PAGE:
The Man Who Cheated Himself - Newly Restored
Deluxe Dual-Disc Edition
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Flicker Alley, the Film Noir Foundation and UCLA Film & Television Archive are proud to present film noir standout The Man Who Cheated Himself in a brand-new Blu-ray/DVD dual-format edition. The brilliant restoration work and in-depth supplementary materials mark this release as the prime suspect to pursue.
Blinded by love, homicide lieutenant Ed Cullen (Lee J. Cobb, fresh off originating the role of Willy Loman on Broadway in Death of a Salesman) goes to great lengths to cover up a murder. His coquettish girlfriend Lois (Jane Wyatt, best known as the mother in Father Knows Best) has killed her scheming husband before he could bump her off. John Dall (Gun Crazy) co-stars as Ed s kid brother Andy, a rookie on the force who is determined to break his first big case. These accomplished actors are nearly eclipsed by the incandescent star power of San Francisco and especially the world s most photographed bridge, the Golden Gate.
In the hard-boiled film noir tradition, reminiscent of the work of James M. Cain, greed, unstoppable sexual attraction, and betrayal set off a doomed course in which a femme fatale leads a once upstanding citizen down a dark path. The first independent production of Phoenix Films, the company run by Jack M. Warner, son of Warner Bros. Studios mogul Jack L., and a highlight in the lengthy career of director Felix E. Feist (Deluge), The Man Who Cheated Himself goes all the way.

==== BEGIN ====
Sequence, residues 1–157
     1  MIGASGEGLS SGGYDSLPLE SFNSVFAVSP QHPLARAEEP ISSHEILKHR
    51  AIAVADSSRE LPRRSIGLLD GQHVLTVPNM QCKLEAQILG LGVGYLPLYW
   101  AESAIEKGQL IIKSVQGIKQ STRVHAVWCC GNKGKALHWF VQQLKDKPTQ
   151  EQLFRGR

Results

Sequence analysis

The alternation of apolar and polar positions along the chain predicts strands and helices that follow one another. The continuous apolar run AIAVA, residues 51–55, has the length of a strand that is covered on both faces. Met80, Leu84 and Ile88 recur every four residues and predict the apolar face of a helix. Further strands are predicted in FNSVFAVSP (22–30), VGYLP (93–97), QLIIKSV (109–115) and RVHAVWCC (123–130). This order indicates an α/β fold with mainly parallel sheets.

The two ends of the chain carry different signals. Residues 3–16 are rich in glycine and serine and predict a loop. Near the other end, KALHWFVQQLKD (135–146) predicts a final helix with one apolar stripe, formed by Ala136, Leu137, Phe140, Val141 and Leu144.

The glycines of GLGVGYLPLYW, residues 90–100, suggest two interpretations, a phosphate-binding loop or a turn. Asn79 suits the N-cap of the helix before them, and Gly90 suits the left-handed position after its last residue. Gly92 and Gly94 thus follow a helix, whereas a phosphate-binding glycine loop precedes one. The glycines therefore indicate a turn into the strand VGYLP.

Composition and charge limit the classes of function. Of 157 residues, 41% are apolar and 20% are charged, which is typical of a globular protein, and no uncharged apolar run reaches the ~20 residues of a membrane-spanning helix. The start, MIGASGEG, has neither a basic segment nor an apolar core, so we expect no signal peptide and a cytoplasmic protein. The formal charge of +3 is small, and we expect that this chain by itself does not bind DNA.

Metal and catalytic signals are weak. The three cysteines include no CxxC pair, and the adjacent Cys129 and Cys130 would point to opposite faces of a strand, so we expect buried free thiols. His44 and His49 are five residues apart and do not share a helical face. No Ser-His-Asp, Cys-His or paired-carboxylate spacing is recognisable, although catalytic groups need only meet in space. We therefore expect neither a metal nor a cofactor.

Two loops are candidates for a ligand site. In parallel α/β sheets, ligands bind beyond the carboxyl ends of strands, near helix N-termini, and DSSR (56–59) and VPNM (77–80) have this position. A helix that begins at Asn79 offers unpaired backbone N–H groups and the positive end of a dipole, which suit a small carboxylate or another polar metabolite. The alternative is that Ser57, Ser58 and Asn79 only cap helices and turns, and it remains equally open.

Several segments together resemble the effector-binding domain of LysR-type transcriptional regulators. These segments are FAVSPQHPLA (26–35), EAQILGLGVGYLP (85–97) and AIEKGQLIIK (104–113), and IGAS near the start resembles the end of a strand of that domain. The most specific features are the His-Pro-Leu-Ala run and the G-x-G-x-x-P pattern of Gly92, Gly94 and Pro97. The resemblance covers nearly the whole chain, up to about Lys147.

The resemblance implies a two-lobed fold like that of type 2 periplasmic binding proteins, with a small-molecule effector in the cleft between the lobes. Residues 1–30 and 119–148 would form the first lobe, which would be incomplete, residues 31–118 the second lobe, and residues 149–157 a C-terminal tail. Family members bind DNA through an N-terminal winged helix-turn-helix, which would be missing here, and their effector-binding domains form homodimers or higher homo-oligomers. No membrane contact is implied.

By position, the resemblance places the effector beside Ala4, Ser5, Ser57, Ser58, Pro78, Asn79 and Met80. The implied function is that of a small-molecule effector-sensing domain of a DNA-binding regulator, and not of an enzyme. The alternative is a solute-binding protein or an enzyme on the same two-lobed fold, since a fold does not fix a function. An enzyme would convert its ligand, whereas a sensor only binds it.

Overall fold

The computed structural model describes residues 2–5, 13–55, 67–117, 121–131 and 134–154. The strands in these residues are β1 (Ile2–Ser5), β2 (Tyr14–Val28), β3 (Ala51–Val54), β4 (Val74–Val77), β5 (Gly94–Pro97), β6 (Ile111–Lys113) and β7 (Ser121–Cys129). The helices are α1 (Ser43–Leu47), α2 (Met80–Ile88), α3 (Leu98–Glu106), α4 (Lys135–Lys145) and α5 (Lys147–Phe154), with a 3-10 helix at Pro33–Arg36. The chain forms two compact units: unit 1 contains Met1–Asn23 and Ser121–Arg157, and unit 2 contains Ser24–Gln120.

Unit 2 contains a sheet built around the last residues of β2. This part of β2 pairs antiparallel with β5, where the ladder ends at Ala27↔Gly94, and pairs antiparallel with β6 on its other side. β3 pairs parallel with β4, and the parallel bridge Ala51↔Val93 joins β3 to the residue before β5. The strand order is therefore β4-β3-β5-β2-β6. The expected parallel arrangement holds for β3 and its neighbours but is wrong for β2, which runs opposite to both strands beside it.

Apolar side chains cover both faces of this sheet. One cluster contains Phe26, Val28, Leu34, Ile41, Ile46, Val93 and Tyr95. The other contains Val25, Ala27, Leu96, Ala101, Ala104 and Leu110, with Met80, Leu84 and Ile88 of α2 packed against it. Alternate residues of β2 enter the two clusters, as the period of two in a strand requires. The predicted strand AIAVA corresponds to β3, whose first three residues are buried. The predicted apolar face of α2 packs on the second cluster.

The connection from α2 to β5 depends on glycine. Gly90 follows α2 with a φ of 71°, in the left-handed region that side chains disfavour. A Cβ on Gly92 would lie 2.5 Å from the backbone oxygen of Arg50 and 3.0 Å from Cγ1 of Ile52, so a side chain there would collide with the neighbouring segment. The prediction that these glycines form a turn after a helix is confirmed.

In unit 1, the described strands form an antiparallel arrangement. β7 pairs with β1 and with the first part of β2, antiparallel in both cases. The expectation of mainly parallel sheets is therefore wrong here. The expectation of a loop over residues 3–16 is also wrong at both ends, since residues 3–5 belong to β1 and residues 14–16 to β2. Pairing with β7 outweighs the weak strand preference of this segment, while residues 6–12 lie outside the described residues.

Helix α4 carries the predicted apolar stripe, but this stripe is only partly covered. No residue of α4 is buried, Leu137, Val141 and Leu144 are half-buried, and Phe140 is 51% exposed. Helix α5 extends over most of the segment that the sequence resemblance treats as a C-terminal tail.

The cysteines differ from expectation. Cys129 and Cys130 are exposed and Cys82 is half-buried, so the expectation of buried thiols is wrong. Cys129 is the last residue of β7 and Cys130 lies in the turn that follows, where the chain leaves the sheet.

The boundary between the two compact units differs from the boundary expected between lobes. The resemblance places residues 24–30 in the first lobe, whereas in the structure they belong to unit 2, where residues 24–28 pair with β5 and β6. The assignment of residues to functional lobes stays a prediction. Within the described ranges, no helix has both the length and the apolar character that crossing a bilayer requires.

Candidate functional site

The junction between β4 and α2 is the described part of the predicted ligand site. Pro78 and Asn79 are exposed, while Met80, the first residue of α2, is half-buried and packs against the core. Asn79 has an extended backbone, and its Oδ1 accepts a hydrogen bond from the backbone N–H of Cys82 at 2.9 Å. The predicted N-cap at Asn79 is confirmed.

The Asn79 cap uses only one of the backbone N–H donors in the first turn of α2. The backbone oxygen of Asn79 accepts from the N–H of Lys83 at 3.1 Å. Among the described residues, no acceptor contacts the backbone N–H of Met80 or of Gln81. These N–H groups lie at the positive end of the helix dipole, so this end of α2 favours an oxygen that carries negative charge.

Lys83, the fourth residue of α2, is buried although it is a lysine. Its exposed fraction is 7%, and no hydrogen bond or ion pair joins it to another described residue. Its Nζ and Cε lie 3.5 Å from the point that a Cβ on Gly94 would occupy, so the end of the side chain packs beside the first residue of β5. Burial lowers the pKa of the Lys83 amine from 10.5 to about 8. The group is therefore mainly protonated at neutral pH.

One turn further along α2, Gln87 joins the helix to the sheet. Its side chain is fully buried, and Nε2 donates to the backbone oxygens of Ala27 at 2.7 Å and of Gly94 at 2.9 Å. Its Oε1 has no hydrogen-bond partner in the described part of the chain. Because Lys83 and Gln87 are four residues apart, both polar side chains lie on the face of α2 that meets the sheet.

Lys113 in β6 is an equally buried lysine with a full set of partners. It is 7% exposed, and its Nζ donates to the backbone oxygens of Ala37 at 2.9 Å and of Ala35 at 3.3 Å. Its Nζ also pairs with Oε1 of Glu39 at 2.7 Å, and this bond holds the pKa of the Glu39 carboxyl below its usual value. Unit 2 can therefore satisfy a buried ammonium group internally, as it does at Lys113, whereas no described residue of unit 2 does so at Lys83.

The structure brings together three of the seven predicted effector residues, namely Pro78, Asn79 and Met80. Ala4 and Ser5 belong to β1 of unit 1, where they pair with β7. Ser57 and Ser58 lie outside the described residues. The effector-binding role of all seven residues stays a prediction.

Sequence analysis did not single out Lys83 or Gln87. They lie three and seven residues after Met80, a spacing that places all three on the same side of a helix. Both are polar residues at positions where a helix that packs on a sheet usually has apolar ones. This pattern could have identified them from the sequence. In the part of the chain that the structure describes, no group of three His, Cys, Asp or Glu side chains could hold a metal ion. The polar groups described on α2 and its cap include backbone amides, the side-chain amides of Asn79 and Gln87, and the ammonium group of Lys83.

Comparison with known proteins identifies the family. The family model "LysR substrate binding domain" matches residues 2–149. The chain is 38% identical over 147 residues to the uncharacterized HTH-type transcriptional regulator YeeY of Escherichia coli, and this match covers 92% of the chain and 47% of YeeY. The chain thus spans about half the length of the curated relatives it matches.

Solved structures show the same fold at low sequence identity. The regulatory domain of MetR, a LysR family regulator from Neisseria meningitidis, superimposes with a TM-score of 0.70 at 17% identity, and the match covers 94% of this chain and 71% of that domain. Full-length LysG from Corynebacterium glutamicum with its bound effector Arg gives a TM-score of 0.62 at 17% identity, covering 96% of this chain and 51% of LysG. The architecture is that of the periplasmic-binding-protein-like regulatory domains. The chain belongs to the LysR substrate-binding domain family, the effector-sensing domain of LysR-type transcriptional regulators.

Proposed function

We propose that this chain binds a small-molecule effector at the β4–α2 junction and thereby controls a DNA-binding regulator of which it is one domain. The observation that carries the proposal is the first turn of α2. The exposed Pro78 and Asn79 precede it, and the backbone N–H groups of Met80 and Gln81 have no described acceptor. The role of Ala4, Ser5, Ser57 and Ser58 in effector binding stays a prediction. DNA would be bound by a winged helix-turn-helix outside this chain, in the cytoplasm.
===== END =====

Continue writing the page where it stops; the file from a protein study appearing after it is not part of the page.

Flicker Alley is excited to present this world-premiere Blu-ray/DVD dual-format edition of The Man Who Cheated Himself, restored by UCLA Film & Television Archive and funded by the Film Noir Foundation. This is the third collaboration between Flicker Alley and the Film Noir Foundation, following the deluxe 2016 home video releases of Too Late for Tears and Woman on the Run two previously lost highlights of the genre saved from oblivion.
The Man Who Cheated Himself Revisited : Produced by TVP Enterprises and the Film Noir Foundation, this mini-documentary offers a behind-the-scenes examination of the film s original production.
The Man Who Cheated Himself Locations Then and Now : City Sleuth (aka Brian Hollins) leads a virtual tour around San Francisco hunting down the many locations used during the production of The Man Who Cheated Himself.
Souvenir Booklet: Featuring rare photographs, poster art, original lobby cards, and an essay by the Czar of Noir Eddie Muller.
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-Lee J. Cobb
-Plot is intersting enough
-Script has ok writing
-Jane Wyatt (is her acting always this bad? And no, I don't by the "she was trying to tell you about how fake she is".
-The execution of the plot was a little boring
-The little brother (I really don't like his voice)
This is one of those films where the big names save it. The script and plot and cinematography are very much like a "B" movie. The Acting is the only thing that saves it from just another movie in a stack of old VHS tapes. Watch it on a slow day
But why didn't he tell the truth at the end, as to who killed the husband, to ease his situation?
on the "evil woman" and deluded man themes. Sound was difficult to hear in some parts of the film. These older films have their charm,
plots that are not part of today's mainstream, less sex scenes to gross one out, better social manners, yet the same human errors. Timeless, in other words. Three stars only because the sound was poor.